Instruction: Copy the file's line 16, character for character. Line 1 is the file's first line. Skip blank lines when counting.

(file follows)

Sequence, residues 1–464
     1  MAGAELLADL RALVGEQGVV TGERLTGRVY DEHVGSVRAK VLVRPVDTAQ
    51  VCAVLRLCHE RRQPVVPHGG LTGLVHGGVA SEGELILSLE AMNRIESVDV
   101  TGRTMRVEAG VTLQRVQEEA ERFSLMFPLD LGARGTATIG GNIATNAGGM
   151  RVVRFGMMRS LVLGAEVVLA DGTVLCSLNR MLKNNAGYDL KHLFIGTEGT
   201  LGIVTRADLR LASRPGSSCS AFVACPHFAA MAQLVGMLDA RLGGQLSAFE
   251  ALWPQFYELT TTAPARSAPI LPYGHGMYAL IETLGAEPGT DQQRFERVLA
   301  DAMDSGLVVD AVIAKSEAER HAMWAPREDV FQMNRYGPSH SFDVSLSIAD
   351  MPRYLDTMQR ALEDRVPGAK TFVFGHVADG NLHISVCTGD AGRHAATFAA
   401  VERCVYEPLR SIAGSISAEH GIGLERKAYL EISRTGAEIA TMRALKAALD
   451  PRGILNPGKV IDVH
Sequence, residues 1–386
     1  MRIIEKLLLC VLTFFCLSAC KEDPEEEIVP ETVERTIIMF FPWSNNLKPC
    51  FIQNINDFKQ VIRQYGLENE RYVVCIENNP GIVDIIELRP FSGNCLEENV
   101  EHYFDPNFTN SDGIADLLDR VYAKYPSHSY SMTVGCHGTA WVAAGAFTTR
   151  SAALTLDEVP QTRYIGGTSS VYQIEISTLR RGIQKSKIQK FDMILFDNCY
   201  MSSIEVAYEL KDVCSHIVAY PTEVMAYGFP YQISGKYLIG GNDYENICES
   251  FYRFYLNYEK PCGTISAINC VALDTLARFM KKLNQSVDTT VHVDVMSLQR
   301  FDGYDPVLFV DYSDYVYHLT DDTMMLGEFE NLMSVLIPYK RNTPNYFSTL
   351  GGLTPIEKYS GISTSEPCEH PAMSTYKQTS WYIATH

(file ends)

   151  SAALTLDEVP QTRYIGGTSS VYQIEISTLR RGIQKSKIQK FDMILFDNCY